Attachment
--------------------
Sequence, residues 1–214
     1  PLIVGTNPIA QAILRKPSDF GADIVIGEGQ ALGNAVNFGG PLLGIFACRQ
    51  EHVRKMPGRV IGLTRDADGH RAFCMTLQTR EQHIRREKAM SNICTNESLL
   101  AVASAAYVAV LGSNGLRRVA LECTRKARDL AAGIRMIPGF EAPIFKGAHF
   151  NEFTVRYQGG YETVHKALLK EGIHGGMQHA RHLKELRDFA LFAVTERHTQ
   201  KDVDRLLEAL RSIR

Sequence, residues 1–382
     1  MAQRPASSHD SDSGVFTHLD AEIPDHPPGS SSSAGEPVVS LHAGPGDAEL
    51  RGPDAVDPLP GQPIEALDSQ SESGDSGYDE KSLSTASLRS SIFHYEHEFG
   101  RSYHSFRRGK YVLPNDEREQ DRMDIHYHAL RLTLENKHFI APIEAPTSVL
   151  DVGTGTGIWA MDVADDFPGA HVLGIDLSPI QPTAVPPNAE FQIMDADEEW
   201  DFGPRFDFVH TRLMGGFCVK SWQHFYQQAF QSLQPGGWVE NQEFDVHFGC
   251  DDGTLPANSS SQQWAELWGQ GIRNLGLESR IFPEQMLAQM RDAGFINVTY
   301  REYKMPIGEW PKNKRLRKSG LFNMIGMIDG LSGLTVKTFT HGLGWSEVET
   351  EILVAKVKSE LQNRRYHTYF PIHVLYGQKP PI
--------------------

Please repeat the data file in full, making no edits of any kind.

Sequence, residues 1–214
     1  PLIVGTNPIA QAILRKPSDF GADIVIGEGQ ALGNAVNFGG PLLGIFACRQ
    51  EHVRKMPGRV IGLTRDADGH RAFCMTLQTR EQHIRREKAM SNICTNESLL
   101  AVASAAYVAV LGSNGLRRVA LECTRKARDL AAGIRMIPGF EAPIFKGAHF
   151  NEFTVRYQGG YETVHKALLK EGIHGGMQHA RHLKELRDFA LFAVTERHTQ
   201  KDVDRLLEAL RSIR

Sequence, residues 1–382
     1  MAQRPASSHD SDSGVFTHLD AEIPDHPPGS SSSAGEPVVS LHAGPGDAEL
    51  RGPDAVDPLP GQPIEALDSQ SESGDSGYDE KSLSTASLRS SIFHYEHEFG
   101  RSYHSFRRGK YVLPNDEREQ DRMDIHYHAL RLTLENKHFI APIEAPTSVL
   151  DVGTGTGIWA MDVADDFPGA HVLGIDLSPI QPTAVPPNAE FQIMDADEEW
   201  DFGPRFDFVH TRLMGGFCVK SWQHFYQQAF QSLQPGGWVE NQEFDVHFGC
   251  DDGTLPANSS SQQWAELWGQ GIRNLGLESR IFPEQMLAQM RDAGFINVTY
   301  REYKMPIGEW PKNKRLRKSG LFNMIGMIDG LSGLTVKTFT HGLGWSEVET
   351  EILVAKVKSE LQNRRYHTYF PIHVLYGQKP PI